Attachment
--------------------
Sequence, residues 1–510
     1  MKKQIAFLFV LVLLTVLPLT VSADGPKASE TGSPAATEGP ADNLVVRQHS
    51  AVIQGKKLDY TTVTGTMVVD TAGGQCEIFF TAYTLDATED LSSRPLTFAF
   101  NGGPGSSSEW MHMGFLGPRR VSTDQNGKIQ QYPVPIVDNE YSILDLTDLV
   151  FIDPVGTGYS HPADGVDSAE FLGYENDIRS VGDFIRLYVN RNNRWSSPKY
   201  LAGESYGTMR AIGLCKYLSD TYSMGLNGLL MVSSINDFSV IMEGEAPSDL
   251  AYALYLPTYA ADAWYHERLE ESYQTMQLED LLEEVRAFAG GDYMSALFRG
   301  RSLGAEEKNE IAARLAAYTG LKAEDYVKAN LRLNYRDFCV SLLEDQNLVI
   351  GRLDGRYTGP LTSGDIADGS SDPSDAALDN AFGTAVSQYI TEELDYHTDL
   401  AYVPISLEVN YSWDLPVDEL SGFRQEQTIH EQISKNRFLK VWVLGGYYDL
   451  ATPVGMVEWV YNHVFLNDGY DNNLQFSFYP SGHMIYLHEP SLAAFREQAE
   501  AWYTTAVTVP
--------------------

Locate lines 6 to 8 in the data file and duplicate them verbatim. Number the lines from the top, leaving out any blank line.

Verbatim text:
   201  LAGESYGTMR AIGLCKYLSD TYSMGLNGLL MVSSINDFSV IMEGEAPSDL
   251  AYALYLPTYA ADAWYHERLE ESYQTMQLED LLEEVRAFAG GDYMSALFRG
   301  RSLGAEEKNE IAARLAAYTG LKAEDYVKAN LRLNYRDFCV SLLEDQNLVI